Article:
Tantalum, though rare, has innumerable hi-tech uses, and fresh applications, led by military-industrial research, continue to expand. Concern over tantalum and its current sourcing from mines in central Africa, in conflict zones where conflicts are fuelled by profits from tantalum extraction (commonly called coltan), has now reached a point where the European Union has strict regulations to limit tantalum from Congo entering the European market.

Tantalum mining in Tibet is also a source of conflict, as is evident from the many petitions written by Tibetans in Lhagang/Tagong/Jiajika, in Kham Kandze, begging for mining to stop. Tibetans living in the EU can make the case, on behalf of the Lhagangpa, for all tantalum extraction, from all conflict zones, in Africa and in Tibet, to be covered by the EU regulations.

Niobium likewise has many uses, especially in hardening speciality steels, a market China is keen to dominate as its long standing overcapacity in steel production, and the reluctance of central leaders to force too many inefficient steelmakers to close, results in a state-sponsored push, with access to state-driven cheap finance credit, for China’s metals manufacturers to boldly seize global control. China Molybdenum, largely owned by the government of Luoyang city, a mining town, has been especially bold, locking up control of most of the global niobium supply in 2016 by buying the Brazilian mine from Anglo-American. This is a classic counter-cyclical strategy, taking maximum advantage of the downturn in commodity prices in recent years, which left many mining companies worldwide overstretched and debt-laden, needing to offload prime assets to stay afloat. China now has achieved its strategic objective of worldwide dominance of niobium, a metal that is key to innumerable future applications. [1] In this way China selects strategic minerals amenable to domination and arranges the necessary finance at concessional rates for its favoured corporate crony to buy up big.

Beryllium has many civilian uses, but also many military applications, in missiles and plutonium bombs. China is one of only three countries that produces it. Though rare, it is toxic to human health. Beryllium is considered a health and safety issue for workers. Exposure to beryllium in the workplace can lead to a sensitization immune response and can over time develop chronic beryllium disease (CBD). Beryllium is chemically similar to magnesium and therefore can displace it from enzymes, which causes them to malfunction. Because beryllium is a highly charged and small ion, it can easily get into many tissues and cells, where it specifically targets cell nuclei, inhibiting many enzymes, including those used for synthesizing DNA. Its toxicity is exacerbated by the fact that the body has no means to control beryllium levels, and once inside the body the beryllium cannot be removed. Chronic berylliosis is a pulmonary and systemic granulomatous disease caused by inhalation of dust or fumes contaminated with beryllium; either large amounts over a short time or small amounts over a long time can lead to this ailment. Symptoms of the disease can take up to five years to develop; about a third of patients with it die and the survivors are left disabled.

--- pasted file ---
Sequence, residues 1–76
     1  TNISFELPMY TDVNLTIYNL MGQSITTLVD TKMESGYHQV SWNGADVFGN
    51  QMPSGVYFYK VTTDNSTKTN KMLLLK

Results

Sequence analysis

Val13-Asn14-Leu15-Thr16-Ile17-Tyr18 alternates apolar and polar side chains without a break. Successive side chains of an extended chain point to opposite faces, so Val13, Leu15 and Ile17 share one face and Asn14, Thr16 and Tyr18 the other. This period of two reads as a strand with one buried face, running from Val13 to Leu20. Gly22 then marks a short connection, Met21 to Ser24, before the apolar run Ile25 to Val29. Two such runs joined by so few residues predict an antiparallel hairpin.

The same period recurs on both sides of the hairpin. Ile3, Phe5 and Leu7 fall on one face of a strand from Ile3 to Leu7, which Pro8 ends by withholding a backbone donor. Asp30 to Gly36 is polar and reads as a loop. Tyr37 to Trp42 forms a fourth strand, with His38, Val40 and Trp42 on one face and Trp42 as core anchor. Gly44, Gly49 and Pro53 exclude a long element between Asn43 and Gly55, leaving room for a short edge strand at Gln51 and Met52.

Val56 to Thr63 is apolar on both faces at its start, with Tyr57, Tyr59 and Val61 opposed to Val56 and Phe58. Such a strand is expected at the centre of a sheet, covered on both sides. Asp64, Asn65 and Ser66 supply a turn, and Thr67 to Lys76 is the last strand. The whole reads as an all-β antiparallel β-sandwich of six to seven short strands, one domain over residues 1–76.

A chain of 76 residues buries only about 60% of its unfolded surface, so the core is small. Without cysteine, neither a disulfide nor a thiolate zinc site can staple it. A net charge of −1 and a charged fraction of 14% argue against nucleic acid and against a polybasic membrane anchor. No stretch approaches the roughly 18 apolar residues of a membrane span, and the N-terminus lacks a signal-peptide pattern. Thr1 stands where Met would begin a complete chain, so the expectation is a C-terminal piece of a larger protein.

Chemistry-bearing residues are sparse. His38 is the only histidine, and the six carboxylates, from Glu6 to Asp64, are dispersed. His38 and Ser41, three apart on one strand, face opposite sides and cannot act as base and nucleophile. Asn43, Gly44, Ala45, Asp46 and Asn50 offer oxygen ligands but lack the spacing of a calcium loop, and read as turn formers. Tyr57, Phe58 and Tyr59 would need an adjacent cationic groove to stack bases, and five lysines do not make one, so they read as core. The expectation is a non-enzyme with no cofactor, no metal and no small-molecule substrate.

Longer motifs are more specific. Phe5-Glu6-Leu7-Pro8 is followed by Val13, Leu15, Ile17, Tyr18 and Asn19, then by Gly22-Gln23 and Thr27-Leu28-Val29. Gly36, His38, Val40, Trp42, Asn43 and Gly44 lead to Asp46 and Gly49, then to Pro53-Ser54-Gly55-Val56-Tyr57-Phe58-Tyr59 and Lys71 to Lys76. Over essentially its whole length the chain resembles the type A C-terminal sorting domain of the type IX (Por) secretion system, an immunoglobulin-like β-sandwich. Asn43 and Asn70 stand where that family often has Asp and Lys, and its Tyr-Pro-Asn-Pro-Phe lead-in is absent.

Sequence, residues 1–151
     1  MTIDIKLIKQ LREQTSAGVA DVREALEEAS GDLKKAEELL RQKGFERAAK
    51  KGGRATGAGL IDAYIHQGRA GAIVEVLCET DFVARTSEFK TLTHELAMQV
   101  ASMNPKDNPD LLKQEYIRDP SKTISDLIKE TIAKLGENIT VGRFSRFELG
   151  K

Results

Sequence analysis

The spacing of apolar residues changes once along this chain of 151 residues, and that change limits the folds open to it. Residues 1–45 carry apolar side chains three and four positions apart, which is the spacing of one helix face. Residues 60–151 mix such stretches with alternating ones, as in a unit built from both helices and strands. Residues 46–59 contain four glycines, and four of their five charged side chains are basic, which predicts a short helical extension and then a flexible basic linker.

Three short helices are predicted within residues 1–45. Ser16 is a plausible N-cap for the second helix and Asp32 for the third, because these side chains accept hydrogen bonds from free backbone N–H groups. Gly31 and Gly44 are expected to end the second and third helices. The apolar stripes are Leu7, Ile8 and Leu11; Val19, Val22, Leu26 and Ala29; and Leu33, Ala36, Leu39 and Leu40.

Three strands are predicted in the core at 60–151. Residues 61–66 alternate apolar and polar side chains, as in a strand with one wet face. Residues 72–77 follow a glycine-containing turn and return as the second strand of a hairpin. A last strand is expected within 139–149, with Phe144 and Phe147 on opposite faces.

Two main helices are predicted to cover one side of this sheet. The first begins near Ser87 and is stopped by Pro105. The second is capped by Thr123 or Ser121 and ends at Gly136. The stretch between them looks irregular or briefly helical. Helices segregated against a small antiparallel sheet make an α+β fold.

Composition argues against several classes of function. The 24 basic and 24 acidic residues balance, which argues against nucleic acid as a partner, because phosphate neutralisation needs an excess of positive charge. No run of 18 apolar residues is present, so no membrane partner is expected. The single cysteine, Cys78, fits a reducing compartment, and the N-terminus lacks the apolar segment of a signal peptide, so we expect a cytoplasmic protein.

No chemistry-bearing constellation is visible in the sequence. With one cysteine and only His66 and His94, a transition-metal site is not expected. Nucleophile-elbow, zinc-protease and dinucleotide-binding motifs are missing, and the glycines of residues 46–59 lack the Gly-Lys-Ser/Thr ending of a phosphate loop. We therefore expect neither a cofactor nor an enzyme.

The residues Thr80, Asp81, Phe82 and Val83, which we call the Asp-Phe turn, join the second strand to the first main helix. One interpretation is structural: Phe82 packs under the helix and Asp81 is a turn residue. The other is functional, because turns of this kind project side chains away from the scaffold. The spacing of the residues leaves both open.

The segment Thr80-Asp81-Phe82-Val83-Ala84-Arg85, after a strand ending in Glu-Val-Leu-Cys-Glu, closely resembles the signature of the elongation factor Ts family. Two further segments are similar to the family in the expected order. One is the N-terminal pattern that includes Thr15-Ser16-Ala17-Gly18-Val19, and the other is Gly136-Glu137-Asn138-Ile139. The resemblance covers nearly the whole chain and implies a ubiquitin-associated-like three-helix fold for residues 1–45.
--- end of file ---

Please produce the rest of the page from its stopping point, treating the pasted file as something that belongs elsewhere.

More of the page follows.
The Toxicology Data Network (Toxnet) operated by the US government National Institutes of Health says bluntly: “There is sufficient evidence in humans for the carcinogenicity of beryllium and beryllium compounds. Beryllium and beryllium compounds cause cancer of the lung. There is sufficient evidence in experimental animals for the carcinogenicity of beryllium and beryllium compounds. Beryllium and beryllium compounds are carcinogenic to humans.”